Slowly (why of course!) but surely, the “slow news movement” is becoming part of the media conversation. This week, online magazine Journalism.co.uk dedicated a podcast to the question “Is is time to slow down the news?”
It features Newstapes and De Correspondent, but also more recent players to the game, like The Charta founders Carolina Are and Charles-Edouard van de Put. They just launched a Kickstarter campaign to fund their “slow news magazine”, that would wait for events to unfold before starting to cover them.
The Charta and De Correspondent are both exploring an interesting territory as they are trying to prove that “slow news” does not equal putting out a weekly magazine but really is more about redesigning the content for the age of the permanent update. Listen here.
Just saw this on Nieman Lab: “The Guardian experiments with a robot-generated newspaper“. Called The Long Good Read, this new publication is a weekly digest of the “best longform stories of the previous seven days”.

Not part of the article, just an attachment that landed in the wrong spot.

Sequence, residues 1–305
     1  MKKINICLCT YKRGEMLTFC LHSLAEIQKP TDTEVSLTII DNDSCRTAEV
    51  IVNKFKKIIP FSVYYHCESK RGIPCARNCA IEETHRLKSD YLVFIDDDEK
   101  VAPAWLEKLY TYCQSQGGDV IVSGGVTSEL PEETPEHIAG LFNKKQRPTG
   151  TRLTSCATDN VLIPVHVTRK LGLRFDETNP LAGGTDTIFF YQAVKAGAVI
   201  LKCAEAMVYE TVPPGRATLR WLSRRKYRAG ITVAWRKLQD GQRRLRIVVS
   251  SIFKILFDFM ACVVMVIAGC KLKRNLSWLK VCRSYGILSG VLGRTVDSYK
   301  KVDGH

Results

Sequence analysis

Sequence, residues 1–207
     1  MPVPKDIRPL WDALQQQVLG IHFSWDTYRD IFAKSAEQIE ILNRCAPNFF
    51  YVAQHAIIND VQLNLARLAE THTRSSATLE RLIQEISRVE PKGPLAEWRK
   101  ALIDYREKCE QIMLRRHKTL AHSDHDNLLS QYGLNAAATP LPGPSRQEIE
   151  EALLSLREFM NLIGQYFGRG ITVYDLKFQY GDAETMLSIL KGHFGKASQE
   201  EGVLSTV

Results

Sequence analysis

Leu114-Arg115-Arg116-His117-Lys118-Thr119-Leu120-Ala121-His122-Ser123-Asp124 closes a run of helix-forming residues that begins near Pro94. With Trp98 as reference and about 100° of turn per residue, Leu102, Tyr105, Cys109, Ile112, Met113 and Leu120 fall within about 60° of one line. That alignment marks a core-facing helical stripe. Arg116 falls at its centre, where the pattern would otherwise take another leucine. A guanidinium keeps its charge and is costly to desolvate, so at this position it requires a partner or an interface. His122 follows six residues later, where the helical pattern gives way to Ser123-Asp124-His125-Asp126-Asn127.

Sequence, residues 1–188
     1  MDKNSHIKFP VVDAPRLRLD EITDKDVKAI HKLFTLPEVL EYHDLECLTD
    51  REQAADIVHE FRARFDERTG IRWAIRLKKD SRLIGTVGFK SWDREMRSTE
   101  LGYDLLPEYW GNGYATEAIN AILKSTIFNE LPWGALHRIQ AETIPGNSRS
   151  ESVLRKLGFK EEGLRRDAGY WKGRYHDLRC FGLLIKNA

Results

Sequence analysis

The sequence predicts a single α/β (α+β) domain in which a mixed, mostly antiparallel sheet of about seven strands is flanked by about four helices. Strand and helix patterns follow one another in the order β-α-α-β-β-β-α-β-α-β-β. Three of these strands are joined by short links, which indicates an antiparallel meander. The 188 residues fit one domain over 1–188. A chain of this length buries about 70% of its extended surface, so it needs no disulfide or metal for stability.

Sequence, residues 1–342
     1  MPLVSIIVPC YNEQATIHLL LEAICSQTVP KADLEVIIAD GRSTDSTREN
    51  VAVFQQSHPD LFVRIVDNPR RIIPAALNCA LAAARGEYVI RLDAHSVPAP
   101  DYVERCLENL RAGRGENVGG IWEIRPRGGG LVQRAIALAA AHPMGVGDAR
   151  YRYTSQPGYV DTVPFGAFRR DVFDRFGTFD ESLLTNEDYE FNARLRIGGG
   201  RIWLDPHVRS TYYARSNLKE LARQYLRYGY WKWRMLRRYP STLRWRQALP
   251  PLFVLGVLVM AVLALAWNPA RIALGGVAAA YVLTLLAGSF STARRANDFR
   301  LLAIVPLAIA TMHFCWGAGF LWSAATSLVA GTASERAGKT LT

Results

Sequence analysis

The philosophy behind the product fits perfectly into a “slow” approach of news. Nieman Lab writes:
Jemima Kiss, head of technology for The Guardian, said The Long Good Read is another attempt at finding ways to give stories new life beyond the day they’re published: “It’s just a way of reusing that content in a more imaginative way and not getting too hung up on the fact it’s a newspaper.”
The algorithm put behind the experiment is merely a way of making the selection more efficient. But it may promise more future computer-assisted selection of content that ends up being printed…
The project overall reminds me of The Guardian weekly I subscribed to years ago, which was a digest of the world’s news stories published in the British paper.